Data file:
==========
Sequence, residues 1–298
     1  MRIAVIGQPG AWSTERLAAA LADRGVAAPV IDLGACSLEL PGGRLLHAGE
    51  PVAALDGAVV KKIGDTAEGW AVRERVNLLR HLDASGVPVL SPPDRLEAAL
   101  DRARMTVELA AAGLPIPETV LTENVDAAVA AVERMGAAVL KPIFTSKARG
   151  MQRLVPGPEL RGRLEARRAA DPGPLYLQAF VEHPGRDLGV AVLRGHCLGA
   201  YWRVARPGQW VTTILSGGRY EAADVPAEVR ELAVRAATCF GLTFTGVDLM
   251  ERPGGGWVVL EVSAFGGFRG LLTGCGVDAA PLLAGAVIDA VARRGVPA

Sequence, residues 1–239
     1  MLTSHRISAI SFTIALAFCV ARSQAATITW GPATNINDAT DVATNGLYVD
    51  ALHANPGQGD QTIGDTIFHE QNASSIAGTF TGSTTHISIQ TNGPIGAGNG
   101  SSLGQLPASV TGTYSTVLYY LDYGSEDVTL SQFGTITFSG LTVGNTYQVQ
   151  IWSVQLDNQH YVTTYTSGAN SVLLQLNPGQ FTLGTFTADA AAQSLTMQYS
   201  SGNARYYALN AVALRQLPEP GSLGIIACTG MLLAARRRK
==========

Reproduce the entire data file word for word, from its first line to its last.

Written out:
Sequence, residues 1–298
     1  MRIAVIGQPG AWSTERLAAA LADRGVAAPV IDLGACSLEL PGGRLLHAGE
    51  PVAALDGAVV KKIGDTAEGW AVRERVNLLR HLDASGVPVL SPPDRLEAAL
   101  DRARMTVELA AAGLPIPETV LTENVDAAVA AVERMGAAVL KPIFTSKARG
   151  MQRLVPGPEL RGRLEARRAA DPGPLYLQAF VEHPGRDLGV AVLRGHCLGA
   201  YWRVARPGQW VTTILSGGRY EAADVPAEVR ELAVRAATCF GLTFTGVDLM
   251  ERPGGGWVVL EVSAFGGFRG LLTGCGVDAA PLLAGAVIDA VARRGVPA

Sequence, residues 1–239
     1  MLTSHRISAI SFTIALAFCV ARSQAATITW GPATNINDAT DVATNGLYVD
    51  ALHANPGQGD QTIGDTIFHE QNASSIAGTF TGSTTHISIQ TNGPIGAGNG
   101  SSLGQLPASV TGTYSTVLYY LDYGSEDVTL SQFGTITFSG LTVGNTYQVQ
   151  IWSVQLDNQH YVTTYTSGAN SVLLQLNPGQ FTLGTFTADA AAQSLTMQYS
   201  SGNARYYALN AVALRQLPEP GSLGIIACTG MLLAARRRK